Sram XX – the low down.

by Dave Anderson 18


So by now you should have figured that XX is a new and, indeed, first groupset from Sram, with each component designed to work as a part of the  whole. The resulting parts weigh in at 2.3 kg ignoring the fork.


XX test bike
XX test bike


Starting at the controls, MatchMaker X clamps allow shifters, brakes and Xloc lever to be combined into one neat setup. Shifter position is adjustable in/outboard as well as fore/aft to allow tweaking to suit individual rider preferences. The XX shifter is streamlined and features a carbon fibre lever. XX brake levers are forged magnesium with a carbon fibre blade, feature a smaller than Elixir body and connect to a two piece forged caliper body. Six bolt, two piece rotors complete the package and offer great one finger braking, these are nice and powerful for an XC oriented brake. Sram are working with DTSwiss on a XX centrelock adapter.


Onto the drivetrain. A new low profile XX front derailleur is available in over 40 different versions, high mount, low mount, direct mount, top and bottom pull. No issues of rubbing in extreme combinations means all the ratios are available. The XX crank has been designed specifically for 2×10, has a 49.5mm chainline and features a new 120/80 bcd to support the rings during shifting. Chainrings are cnc’d 7075-T6 with X-glide technology that provides 4 chain pick up points and 4 release points. Shifting up and down the rings even under pressure is both easy and quick. The cranks come in GXP, PressFit GXP, BB30 and PressFit 30 flavours all of which have Blackbox ceramic bearings as standard.


The XX cassette has been designed with an influence from the road groupsets, eight cogs cnc’d from a solid billet of steel (evidently a process that takes nine hours per cassette) married to a 7075-T6 large cog (this can be replaced separately if needed). The open design looks like clogging won’t be an issue but we look forward to testing this in U.K. Conditions. PC1090 and PC1090 chains are recommended. And lastly, the XX rear derailleur a combination of carbon fibre and aluminium linkage with a carbon 93mm cage and a ti spring.


Suggested retail (in dollars)


Rear derailleur – $265

Front derailleur low clamp – $119

Trigger shifter set – $276

Cassette – $328

GXP Crankset – $430

GXP BB – $195

Avid XX brakes 160mm – $373


First impressions are of a sharp and snappy shifting package that allows climbs to be approached differently, there’s no need to pre-shift in preparation for a climb; you can simply push on up in the big ring safe in the knowledge that if the biggest cog isn’t going to get you to the top you can still shift down at the front without having to ease off the gas. Brakes are a marked improvement on the Elixir CR’s I’ve been running at home with the 160 rotors providing plenty of power without loss of feel.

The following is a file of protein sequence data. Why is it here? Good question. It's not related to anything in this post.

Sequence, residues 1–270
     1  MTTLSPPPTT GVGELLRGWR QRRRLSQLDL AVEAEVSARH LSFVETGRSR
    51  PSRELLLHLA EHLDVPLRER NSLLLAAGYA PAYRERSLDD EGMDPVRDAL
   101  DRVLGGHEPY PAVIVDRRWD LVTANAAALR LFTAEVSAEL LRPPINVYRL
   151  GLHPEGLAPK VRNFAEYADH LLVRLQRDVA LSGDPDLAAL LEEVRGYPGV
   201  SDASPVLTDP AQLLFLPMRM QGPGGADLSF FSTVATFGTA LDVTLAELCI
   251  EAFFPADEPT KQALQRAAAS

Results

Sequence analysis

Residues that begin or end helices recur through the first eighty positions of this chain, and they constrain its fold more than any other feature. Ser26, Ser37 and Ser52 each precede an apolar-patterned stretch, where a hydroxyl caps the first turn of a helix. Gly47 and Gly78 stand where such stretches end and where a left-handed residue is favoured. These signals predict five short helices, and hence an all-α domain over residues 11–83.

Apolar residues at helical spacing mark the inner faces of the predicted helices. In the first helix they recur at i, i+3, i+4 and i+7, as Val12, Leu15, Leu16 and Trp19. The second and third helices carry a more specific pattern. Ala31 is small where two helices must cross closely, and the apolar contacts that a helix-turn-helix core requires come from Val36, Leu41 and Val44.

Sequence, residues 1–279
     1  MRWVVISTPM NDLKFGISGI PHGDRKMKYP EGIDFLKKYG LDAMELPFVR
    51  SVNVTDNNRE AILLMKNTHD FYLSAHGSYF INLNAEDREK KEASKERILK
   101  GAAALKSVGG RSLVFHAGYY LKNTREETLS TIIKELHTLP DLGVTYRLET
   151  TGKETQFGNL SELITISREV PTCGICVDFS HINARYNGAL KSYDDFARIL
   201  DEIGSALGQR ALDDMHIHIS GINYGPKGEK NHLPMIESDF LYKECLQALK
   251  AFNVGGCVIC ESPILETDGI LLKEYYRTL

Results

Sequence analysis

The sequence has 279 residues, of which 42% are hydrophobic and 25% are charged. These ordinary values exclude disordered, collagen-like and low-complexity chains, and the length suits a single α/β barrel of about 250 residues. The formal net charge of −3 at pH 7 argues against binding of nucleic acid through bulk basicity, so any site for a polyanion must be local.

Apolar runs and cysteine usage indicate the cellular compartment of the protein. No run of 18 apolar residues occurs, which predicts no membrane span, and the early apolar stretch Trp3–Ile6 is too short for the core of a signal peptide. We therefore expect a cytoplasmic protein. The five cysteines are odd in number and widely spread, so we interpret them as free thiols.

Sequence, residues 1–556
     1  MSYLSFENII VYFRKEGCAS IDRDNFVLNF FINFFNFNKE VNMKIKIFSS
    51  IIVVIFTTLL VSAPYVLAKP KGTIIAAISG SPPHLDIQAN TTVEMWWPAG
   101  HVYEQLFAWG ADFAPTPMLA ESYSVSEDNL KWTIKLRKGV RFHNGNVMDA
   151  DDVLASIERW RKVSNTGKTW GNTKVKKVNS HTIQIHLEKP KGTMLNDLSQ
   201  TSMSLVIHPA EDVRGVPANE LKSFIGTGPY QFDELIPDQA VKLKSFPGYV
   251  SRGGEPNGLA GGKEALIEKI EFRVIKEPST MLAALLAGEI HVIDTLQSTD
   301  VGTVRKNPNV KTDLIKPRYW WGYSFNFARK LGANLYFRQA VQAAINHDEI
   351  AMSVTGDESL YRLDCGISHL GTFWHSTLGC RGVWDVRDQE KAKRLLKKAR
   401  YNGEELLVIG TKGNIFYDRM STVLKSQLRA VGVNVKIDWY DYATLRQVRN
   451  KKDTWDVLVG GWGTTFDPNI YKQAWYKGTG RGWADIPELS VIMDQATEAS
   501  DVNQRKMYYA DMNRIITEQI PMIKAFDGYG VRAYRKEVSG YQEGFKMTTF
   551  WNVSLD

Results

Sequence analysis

I think I need to try it on familiar trails now.

Comments (18)

  1. $328, for the Cassette!

  2. The bar has been raised again (pricewise). Lets hope its performance justifies it.

  3. That is pretty ridiculous for a cassette given they’re a consumable item

  4. What are the ratios?
    (Not that I am likely to purchase such fippary but I’m interested in what gearing this system utilises?)

  5. Doh… in the other review a few items down – consider my wrists slapped.

  6. SO those are the prices in dollars… I dread to think what they will be in pounds, give the recent exchange rate fluctuations. That cassette will probably end up being £400+!

  7. I like the idea of 2×10 and it seems like its good stuff , but at those prices it will be staying put on my lottery winning dream bike. They have also introduced another BCD to make it even less compatible.

    In the current economic climate SLX with its compatibility, price and performance makes XX look a little bit irrelevant. This technology needs to trickle down fast.

    AdamM as a rough guide, divide the price by the current exchange rate and multiply it by 1.3 – 1.4 (tax and unspecified distributors costs) to get the UK price.

  8. Whith the cost of those cassettes, may be all the single speeders
    are right,

  9. Current dollar to pound is about 1.50 to the pound? so I guess he cassete will be £160.00? How Much XTR now with the price hikes? RRP £164.99 for XTR so seem about the same.

  10. $328/1.5 = £218

    £218 x 1.3 = £284

    Thats a lot

  11. f3ck my old boots………………………how much!!!!!

  12. cassette is CNCed from a solid billet! waste of time and money.
    a fool and his money, etc.

  13. It’s mountain bike?!?! not a F1 car lol
    Are there any manufacturers trying to bring prices down?
    The average mtber really doesn’t need this.

  14. Has anyone tried 2 x 9?

  15. Approximately £1400 for the whole set, so top end kit. A brave move in recessionary times.

  16. £1400 without the forks… Add another £1100 for the SIDs…

    It’s the F1 of groupsets, that’s the point of it – mushrooms.
    The average mountain biker isn’t going to need it, but the top-end racers, to whom it’s aimed, will need it.

  17. The group has obviously been in development longer than the prevailing financial climate came about. SRAM had probably already invested a large amount in design and tooling so no point holding it back. It’s probably the sort of kit that will mainly be seen on sponsored riders bikes and possibly top end amateurs who get kit at cost/discounted.

    For the average rider it will be the X9 & X7 iterations in a couple of years time that will be relevant to us normal bods.

    Why do it – to evolve, sell more kit to OEM and after market and to be ready for XTR Di2 when it hits in the next 12 to 18 months (my guess). Much like Campy producing the 11 speed road sets.

    All in my VERY humble opinion of course.

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